California Citizens to Decide Fate of Legal Gambling on 2022 Ballot

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Dan Lane, 62, and Gerry Dennison, 63, studies a gambling guide before placing his bets. Mark Makela/Getty Images/AFP

The road to legal sports betting legalization in California has been a long and difficult one but news last week put it one step closer to becoming a reality. California has been chasing its dream to become the biggest betting market in the country since the US Supreme Court’s 2018 decision to overturn its blanket ban on sports betting. The state ultimately hopes to join the 26 thriving jurisdictions presently allowing sports wagering.

The Coalition to Authorize Regulated Sports Wagering, written by Native American tribes was heard and allowed to go ahead Thursday after those tribes were able to collect a whopping 1.4 million signatures. They needed just 997,139. The petition will pave the way for a question of whether or not to allow sports betting at tribal casinos and horse-racing tracks in California to appear on the 2022 election ballot.

“This is an important step toward giving Californians the opportunity to participate in sports wagering while also establishing safeguards and protections against underage gambling,” said Mark Macarro, tribal chairman of the Pechanga Band of Luiseño Indians.

The Coalition to Authorize Regulated Sports Wagering

The Coalition to Authorize Regulated Sports Wagering is made up of 18 California Native tribes whose goal it was to get permission for retail sports betting at land-based casinos and horse racing tracks. The coalition reportedly spent $11 million in getting signatures and endured the COVID-19 crisis to do so. Their hard work of getting sports betting on the 2022 ballot finally came to fruition Thursday.

A constitutional amendment will be a part of any sort of sports betting launch. Hence the need for California citizens to have a say.

What the Proposed Platform Will Look Like

Mobile betting, interestingly, wasn’t included in the Coalition’s plans. The tribes have requested a retail-only platform for in-person betting at tribal casinos and at California-licensed racetracks. This will run for a period of five years, during which time they will likely consider how to include the more lucrative mobile side of betting into their overall sports betting industry.

Betting would be limited to those 21 years and older and wagering on college and amateur sports would be prohibited under the Coalition’s plan. A 10% tax rate has been proposed and that revenue will be earmarked for state mental health programs, public safety, education, and regulatory expenditures.

Along with sports betting, casino games roulette and craps would be added to the tribes’ betting menu.

Untapped Potential?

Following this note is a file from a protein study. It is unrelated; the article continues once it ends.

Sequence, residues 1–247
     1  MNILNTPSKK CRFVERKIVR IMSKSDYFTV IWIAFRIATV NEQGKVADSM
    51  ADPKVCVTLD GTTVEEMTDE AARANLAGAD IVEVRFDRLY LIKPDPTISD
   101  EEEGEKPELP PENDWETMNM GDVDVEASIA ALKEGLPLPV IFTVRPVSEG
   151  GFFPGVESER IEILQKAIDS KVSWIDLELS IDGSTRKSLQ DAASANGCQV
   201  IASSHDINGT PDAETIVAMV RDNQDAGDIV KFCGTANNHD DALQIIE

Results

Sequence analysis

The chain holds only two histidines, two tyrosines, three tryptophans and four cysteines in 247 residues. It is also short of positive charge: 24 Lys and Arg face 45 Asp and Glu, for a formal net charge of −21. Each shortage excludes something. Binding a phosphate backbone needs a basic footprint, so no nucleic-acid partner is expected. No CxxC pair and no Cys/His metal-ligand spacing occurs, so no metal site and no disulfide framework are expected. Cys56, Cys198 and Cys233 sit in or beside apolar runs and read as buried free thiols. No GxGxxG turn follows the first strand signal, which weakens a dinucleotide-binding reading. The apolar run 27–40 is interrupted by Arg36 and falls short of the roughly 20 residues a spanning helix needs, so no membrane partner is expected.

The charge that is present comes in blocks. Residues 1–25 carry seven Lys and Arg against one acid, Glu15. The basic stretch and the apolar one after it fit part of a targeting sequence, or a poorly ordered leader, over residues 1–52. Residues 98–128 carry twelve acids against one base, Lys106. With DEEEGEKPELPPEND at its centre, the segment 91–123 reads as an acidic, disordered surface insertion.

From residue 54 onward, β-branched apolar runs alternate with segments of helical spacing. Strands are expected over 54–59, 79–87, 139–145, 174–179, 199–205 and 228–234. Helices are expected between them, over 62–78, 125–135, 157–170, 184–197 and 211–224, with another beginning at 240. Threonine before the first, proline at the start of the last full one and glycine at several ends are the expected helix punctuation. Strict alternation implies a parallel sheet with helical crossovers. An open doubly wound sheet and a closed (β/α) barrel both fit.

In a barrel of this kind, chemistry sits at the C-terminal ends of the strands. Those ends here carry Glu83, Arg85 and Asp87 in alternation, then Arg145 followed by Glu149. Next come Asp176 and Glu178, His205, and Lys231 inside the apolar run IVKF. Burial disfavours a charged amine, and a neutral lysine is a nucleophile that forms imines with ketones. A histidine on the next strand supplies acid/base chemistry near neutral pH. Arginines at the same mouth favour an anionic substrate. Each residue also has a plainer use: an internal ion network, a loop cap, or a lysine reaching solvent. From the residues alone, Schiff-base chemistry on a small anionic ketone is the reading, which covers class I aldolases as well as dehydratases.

California will become the largest sports betting market in the US, assuming voters say “Yes” on the 2022 ballot. With 15 professional teams representing four major sports leagues and with an American-high 40 million people, the state’s tribes, betting providers and ultimately the state could greatly benefit from a legal sports betting platform.

“California is easily the largest prize in the U.S. sports betting market,” said Chris Grove, a managing director for Eilers and Krejcik Gaming, a research firm that has advised state lawmakers on the issue.

It is estimated that legalization would generate $200 million in annual revenue from taxes and licensing right off the bat according to Eilers & Krejcik and could reach $500 million upon maturity of the industry in the state. Maturity includes a full-blown mobile betting sector, similar to the ones operating in such jurisdictions as New Jersey and Pennsylvania.

Potential Headwinds

California’s 72 cardroom casinos aren’t going quietly in their fight for control over the California legal sports betting industry. They threaten to stand in the way of the tribes’ desires to essentially maintain their monopoly over the California scene. The card rooms obviously want a piece of the legal sports betting pie but have been left out of any proposal.

There is also a “No on the Gambling Power Grab” campaign that has been making some noise in California. They have heightened their profile the last couple of years and raised $1 million toward their campaign last year alone.

Kyle Kirkland, president of the California Gaming Association also weighed in with some non-supportive comments when he said: “This initiative does nothing to advance sports wagering, and instead expands the tribal casinos’ tax-free monopoly on gaming and rewards those operators for prioritizing their own wealth over public health and safety.”

So, What’s Next?

The battle for legal sports betting in California continues down an uncertain road. But at least the citizens of the state are scheduled to have their say on the matter in 2022. While that significantly delays the potential launch, at least the ball has been advanced.

A lot can change in the leadup to 2022 including the potential addition of mobile apps being cleared for takeoff. Expect the California scene to remain fluid over the next 18 months and for more news to pour out of the prospective state.